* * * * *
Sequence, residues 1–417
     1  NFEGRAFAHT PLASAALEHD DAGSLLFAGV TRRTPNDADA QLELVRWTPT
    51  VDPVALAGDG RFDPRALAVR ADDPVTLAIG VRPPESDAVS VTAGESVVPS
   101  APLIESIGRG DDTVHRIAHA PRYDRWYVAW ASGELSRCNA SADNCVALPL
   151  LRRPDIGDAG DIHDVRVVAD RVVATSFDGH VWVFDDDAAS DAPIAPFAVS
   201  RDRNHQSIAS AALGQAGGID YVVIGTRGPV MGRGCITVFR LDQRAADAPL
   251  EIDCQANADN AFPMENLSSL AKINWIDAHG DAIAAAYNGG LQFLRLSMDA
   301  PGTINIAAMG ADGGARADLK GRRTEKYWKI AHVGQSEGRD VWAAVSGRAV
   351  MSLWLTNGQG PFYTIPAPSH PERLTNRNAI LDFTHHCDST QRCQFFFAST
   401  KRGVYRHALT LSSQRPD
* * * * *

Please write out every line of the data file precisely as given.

Sequence, residues 1–417
     1  NFEGRAFAHT PLASAALEHD DAGSLLFAGV TRRTPNDADA QLELVRWTPT
    51  VDPVALAGDG RFDPRALAVR ADDPVTLAIG VRPPESDAVS VTAGESVVPS
   101  APLIESIGRG DDTVHRIAHA PRYDRWYVAW ASGELSRCNA SADNCVALPL
   151  LRRPDIGDAG DIHDVRVVAD RVVATSFDGH VWVFDDDAAS DAPIAPFAVS
   201  RDRNHQSIAS AALGQAGGID YVVIGTRGPV MGRGCITVFR LDQRAADAPL
   251  EIDCQANADN AFPMENLSSL AKINWIDAHG DAIAAAYNGG LQFLRLSMDA
   301  PGTINIAAMG ADGGARADLK GRRTEKYWKI AHVGQSEGRD VWAAVSGRAV
   351  MSLWLTNGQG PFYTIPAPSH PERLTNRNAI LDFTHHCDST QRCQFFFAST
   401  KRGVYRHALT LSSQRPD